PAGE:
Clinical Study – Patient Study

Journal of Neuro-Oncology

, Volume 106, Issue 3, pp 637-642

First online:

Dosimetric comparison of Linac-based (BrainLAB®) and robotic radiosurgery (CyberKnife®) stereotactic system plans for acoustic schwannoma

  • Debnarayan DuttaAffiliated withDepartment of Radiation Oncology, Apollo Speciality Hospital Email author 
  • , S. Balaji SubramanianAffiliated withDepartment of Radiation Oncology, Apollo Speciality Hospital
  • , V. MurliAffiliated withDepartment of Medical Physics, Apollo Speciality Hospital
  • , H. SudaharAffiliated withDepartment of Medical Physics, Apollo Speciality Hospital
  • , P. G. Gopalakrishna KurupAffiliated withDepartment of Medical Physics, Apollo Speciality Hospital
  • , Mahadev PotharajuAffiliated withDepartment of Radiation Oncology, Apollo Speciality Hospital

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Abstract

A dosimetric comparison of linear accelerator (LA)-based (BrainLAB) and robotic radiosurgery (RS) (CyberKnife) systems for acoustic schwannoma (Acoustic neuroma, AN) was carried out. Seven patients with radiologically confirmed unilateral AN were planned with both an LA-based (BrainLAB) and robotic RS (CyberKnife) system using the same computed tomography (CT) dataset and contours. Gross tumour volume (GTV) was contoured on post-contrast magnetic resonance imaging (MRI) scan [planning target volume (PTV) margin 2 mm]. Planning and calculation were done with appropriate calculation algorithms. The prescribed isodose in both systems was considered adequate to cover at least 95% of the contoured target. Plan evaluations were done by examining the target coverage by the prescribed isodose line, and high- and low-dose volumes. Isodose plans and dose volume histograms generated by the two systems were compared. There was no statistically significant difference between the contoured volumes between the systems. Tumour volumes ranged from 380 to 3,100 mm3. Dose prescription was 13–15 Gy in single fraction (median prescribed isodose 85%). There were no significant differences in conformity index (CI) (0.53 versus 0.58; P = 0.225), maximum brainstem dose (4.9 versus 4.7 Gy; P = 0.935), 2.5-Gy volume (39.9 versus 52.3 cc; P = 0.238) or 5-Gy volume (11.8 versus 16.8 cc; P = 0.129) between BrainLAB and CyberKnife system plans. There were statistically significant differences in organs at risk (OAR) doses, such as mean cochlear dose (6.9 versus 5.4 Gy; P = 0.001), mean mesial temporal dose (2.6 versus 1.7 Gy; P = 0.07) and high-dose (10 Gy) volume (3.2 versus 5.2 cc; P = 0.017). AN patients planned with the CyberKnife system had superior OAR (cochlea and mesial temporal lobe) sparing compared with those planned with the Linac-based system. Further evaluation of these findings in prospective studies with clinical correlation will provide actual clinical benefit from the dosimetric superiority of CyberKnife.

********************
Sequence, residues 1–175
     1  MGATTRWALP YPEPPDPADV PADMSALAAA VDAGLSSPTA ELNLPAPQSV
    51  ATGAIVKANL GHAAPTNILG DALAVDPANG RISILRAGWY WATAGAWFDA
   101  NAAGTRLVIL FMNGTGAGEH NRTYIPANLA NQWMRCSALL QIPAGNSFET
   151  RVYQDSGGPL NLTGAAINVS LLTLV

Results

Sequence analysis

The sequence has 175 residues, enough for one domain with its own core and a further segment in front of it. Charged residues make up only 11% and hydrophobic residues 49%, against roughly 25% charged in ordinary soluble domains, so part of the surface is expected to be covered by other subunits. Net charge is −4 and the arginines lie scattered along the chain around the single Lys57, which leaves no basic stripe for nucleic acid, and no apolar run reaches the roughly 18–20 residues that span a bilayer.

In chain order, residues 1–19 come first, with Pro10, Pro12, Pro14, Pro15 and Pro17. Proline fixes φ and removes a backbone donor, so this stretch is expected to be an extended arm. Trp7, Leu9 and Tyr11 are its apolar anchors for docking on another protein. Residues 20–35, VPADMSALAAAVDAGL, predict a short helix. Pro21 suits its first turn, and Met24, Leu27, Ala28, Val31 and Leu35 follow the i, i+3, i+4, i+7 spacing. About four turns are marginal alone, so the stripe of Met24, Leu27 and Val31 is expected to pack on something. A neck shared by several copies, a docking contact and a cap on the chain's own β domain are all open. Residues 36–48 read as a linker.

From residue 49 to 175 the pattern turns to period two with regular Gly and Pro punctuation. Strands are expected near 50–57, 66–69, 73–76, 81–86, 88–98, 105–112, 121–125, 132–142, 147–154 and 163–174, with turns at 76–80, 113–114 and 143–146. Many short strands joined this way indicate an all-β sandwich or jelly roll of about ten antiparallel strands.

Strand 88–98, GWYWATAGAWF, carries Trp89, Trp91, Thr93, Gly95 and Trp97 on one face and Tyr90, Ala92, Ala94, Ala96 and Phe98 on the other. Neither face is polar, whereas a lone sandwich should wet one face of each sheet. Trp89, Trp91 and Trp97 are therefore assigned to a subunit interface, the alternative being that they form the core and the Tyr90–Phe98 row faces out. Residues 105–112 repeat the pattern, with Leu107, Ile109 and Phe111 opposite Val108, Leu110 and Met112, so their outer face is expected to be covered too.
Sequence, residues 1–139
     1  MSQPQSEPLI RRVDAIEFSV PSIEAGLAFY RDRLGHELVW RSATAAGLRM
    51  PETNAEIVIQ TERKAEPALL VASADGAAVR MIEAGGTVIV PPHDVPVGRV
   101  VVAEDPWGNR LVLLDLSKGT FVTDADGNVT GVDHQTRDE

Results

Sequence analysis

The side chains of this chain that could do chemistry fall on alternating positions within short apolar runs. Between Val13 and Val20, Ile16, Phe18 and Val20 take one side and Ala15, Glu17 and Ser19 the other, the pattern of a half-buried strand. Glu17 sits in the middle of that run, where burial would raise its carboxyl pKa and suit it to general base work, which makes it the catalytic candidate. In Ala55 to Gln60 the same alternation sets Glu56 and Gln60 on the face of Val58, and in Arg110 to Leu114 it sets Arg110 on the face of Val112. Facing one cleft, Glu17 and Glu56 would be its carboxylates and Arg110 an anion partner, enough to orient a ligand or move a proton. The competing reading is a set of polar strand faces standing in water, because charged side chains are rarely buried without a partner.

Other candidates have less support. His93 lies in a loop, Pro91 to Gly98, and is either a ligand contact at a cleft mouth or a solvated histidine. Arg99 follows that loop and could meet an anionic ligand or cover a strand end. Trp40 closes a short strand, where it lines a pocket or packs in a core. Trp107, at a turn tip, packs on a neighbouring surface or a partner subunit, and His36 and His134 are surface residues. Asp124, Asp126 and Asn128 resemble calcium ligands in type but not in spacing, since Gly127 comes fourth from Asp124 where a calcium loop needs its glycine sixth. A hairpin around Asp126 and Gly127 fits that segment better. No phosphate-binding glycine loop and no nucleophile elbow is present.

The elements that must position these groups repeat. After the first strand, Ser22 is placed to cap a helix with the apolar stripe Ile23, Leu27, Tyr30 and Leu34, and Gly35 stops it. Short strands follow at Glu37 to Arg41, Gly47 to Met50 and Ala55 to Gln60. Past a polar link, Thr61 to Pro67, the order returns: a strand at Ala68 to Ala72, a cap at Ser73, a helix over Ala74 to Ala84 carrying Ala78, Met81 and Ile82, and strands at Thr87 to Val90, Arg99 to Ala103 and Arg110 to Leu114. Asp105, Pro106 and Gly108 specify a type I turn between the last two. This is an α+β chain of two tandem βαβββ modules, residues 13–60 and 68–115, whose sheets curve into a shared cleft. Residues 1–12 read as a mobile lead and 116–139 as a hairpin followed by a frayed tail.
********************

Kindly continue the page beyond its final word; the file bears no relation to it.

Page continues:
Keywords

Acoustic schwannoma Stereotactic radiosurgery Robotic radiosurgery Linear accelerator-based radiosurgery